See who hit three home runs on Wednesday night

784044.jpg

See who hit three home runs on Wednesday night

From Comcast SportsNet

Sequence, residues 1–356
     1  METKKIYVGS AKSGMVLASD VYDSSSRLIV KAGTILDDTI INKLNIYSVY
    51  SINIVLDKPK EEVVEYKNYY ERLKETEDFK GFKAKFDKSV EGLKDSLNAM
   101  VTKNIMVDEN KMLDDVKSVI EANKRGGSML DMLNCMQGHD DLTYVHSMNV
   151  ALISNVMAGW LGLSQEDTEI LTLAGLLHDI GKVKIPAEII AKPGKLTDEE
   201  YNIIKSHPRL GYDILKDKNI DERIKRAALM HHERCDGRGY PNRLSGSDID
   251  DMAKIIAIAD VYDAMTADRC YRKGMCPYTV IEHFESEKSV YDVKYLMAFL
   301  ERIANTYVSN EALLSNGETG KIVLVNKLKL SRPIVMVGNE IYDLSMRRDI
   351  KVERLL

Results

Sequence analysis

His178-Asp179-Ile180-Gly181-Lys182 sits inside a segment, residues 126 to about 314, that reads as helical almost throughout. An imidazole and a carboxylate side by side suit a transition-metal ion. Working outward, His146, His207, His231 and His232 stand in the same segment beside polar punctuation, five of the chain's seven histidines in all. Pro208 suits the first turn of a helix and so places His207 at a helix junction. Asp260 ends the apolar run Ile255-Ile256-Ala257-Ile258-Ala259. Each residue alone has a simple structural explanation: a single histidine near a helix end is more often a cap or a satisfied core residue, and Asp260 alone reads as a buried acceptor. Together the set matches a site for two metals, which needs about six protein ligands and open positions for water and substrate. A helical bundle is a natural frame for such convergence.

ARLINGTON, Texas (AP) -- Adrian Beltre could not deny it. With two chances at matching a major league record four homers, he was thinking only one thing. "I'm trying to hit a home run," Beltre said. "I got a pitch to hit, too, but I couldn't do it." Beltre hit three home runs, including two in a nine-run fourth inning, and had five RBIs in the Texas Rangers' 12-3 victory over the Baltimore Orioles on Wednesday night. He had chances in the sixth and eighth to become the 17th player all-time to hit four home runs -- teammate Josh Hamilton did it May 8 at Baltimore -- and grounded out both times. Beltre hit his first homer leading off the second against former teammate Tommy Hunter. He connected again off Hunter for a two-run shot with none out in the fourth. He then hit another two-run drive with two outs while facing Kevin Gregg. "It was a fantastic night," manager Ron Washington said. "I was hoping for him to get a fourth one also, but it didn't work." Mitch Moreland hit his first grand slam in the fourth, when the Rangers sent 12 batters to the plate. He matched Beltre with a career high-tying five RBIs. The power surge supported a solid effort by Derek Holland. The left-hander pitched seven innings, giving up three runs and five hits. He struck out five and walked three. Hunter (4-8) allowed eight runs on eight hits -- three home runs -- in three-plus innings. Hunter, who spent parts of four seasons with the Rangers, was acquired by the Orioles along with first baseman Chris Davis in a 2011 trade-deadline deal for right-handed reliever Koji Uehara. "He made a lot of mistakes," Orioles manager Buck Showalter said. "And they make him pay for it." With his first home run, Beltre became the ninth third baseman with 10 seasons of at least 20 home runs. Beltre has had 23 multihomer games in his career. He also hit three homers in Game 4 of the AL division series against the Rays last year. The Rangers gave Holland (8-6) plenty of support with the big inning. Josh Hamilton, who matched a major league record with four home runs May 8 against the Orioles at Camden Yards, started the inning with a single and scored on Beltre's drive to left. Nelson Cruz and Michael Young followed with singles before David Murphy's run-scoring double. A walk to Geovany Soto set up Moreland's grand slam. Three batters later Beltre hit his second homer of the inning, driving in Hamilton, who walked. Beltre, who entered the game hitting .244 in his last 31 games, is hitting .462 (6 for 13) in his last three. "I've been kind of struggling for a couple of weeks," Beltre said. "I've been working in the cages trying to find a comfort zone with my feet and hands. "The last three days I stuck with something," he added. Beltre, Murphy, Young and Ian Kinsler each had more than one hit. Shortstop Elvis Andrus was the only starter without a hit for the Rangers, who improved to 13-8 in August and maintained a five-game lead over Oakland in the AL West. Murphy has five multihit games in his last six and is hitting .519 with four doubles, one home run and seven RBIs during the stretch. Since July 24 he leads the majors with 13 doubles. Moreland swung the bat well, Murphy swung the bat well, we got it up and down the lineup tonight," Washington said. Nick Markakis went 3 for 4 with three RBIs for Baltimore. NOTES: The Rangers said before the game that right-hander Yu Darvish would not make his next scheduled start on Thursday as a precaution because of tightness in his right quadriceps. Team officials said Darvish is expected to make his next start on Tuesday. ... Orioles catcher Matt Wieters left the game after the sixth inning because of a right shoulder contusion sustained on a foul tip in the second inning. X-rays were negative. ... Orioles manager Buck Showalter said Jim Thome, on the disabled list with a herniated disk, is pain free and will begin baseball activities on Thursday. ... Uehara completed a rehabilitation appearance at Triple-A Round Rock with no complications and will pitch again Friday.